Yet, despite the crucial role that ideas played in my own life, I rarely hear them mentioned in writing courses. In this age of cinema and television, story writers are taught to focus on action. But that skips over one of the most important things in human experience, the way we think. Storytellers know the importance of the human thought-process, and for eons have been weaving their protagonist’s ideas into the action. Now I have to train myself to do the same.

I sift through piles of anecdotes. Taken one by one, these individual incidents do not add up to a compelling whole, so I look for the sequence that, like DNA encoding, binds isolated events together, maintaining forward motion while revealing inner truth. I believe to find the links between the episodes, we need to pay attention to our mental process.

Ideas told us what choices are available, and which ones are best. Ideas created the expectations of what was “supposed” to happen, and these expectations lead to our disappointment or joy. Ideas defined our judgment of other people. Discover within your ideas the forces that shaped you, and can shape the most compelling story.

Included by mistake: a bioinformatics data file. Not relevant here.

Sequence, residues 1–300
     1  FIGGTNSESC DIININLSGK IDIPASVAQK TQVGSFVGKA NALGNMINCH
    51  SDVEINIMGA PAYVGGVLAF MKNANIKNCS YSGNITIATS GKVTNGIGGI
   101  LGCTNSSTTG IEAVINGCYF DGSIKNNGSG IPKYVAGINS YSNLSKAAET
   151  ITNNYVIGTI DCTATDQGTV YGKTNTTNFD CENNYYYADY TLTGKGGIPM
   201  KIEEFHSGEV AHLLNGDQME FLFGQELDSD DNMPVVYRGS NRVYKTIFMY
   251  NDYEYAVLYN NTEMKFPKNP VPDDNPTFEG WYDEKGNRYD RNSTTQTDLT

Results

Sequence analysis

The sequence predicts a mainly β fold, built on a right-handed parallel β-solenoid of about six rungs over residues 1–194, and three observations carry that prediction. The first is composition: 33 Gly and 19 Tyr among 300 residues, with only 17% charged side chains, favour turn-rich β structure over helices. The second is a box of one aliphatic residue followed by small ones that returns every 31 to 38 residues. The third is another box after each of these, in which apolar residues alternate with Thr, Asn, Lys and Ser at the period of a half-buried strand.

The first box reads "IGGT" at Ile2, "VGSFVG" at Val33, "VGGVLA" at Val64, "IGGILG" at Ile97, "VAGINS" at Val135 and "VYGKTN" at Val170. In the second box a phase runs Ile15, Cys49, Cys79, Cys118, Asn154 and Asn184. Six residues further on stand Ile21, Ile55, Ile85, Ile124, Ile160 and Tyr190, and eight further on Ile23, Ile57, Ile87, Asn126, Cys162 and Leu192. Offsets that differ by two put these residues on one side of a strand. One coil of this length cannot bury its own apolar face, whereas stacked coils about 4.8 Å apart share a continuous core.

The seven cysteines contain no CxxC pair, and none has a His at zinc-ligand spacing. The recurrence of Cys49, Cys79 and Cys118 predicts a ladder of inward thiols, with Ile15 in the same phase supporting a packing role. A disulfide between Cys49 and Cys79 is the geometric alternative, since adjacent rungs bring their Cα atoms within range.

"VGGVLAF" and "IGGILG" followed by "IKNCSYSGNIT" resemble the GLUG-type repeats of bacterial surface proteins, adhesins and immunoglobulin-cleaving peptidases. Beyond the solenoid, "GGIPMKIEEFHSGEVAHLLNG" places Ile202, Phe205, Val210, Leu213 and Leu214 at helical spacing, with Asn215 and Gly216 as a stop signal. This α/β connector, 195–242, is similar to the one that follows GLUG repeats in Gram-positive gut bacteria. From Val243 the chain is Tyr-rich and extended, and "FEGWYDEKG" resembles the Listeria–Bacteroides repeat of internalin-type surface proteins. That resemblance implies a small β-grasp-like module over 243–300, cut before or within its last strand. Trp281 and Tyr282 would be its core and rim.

Writing Prompt
Identify a few key ideas that drove you. Watch how they changed over time. For example, your religious ideas guide you through ethical choices. Your ideas about psychology helped you overcome barriers between people. Perhaps you decided to trust people instead of hate them, or realized that forgiveness helps the forgiver as much as the ‘forgivee.’ See if you can find specific moments or scenes when these ideas changed.

In a future essay, I’ll experiment with scenes from my own memory, and brainstorm ways that the scenes and the ideas interact.

For more about Henry Louis Gates’ contribution to African American Literature, try this link.

See the classic text on the relationship between beliefs and mental well being, “Existential Psychotherapy” by Irvin D. Yalom

For brief descriptions and links to all the posts on Memory Writers Network, click here.

To order Memoir Revolution about the powerful trend to create, connect, and learn, see the Amazon page for eBook or Paperback.

To order my how-to-get-started guide to write your memoir, click here.

Steve at work – life lessons arise from conflict

by Jerry Waxler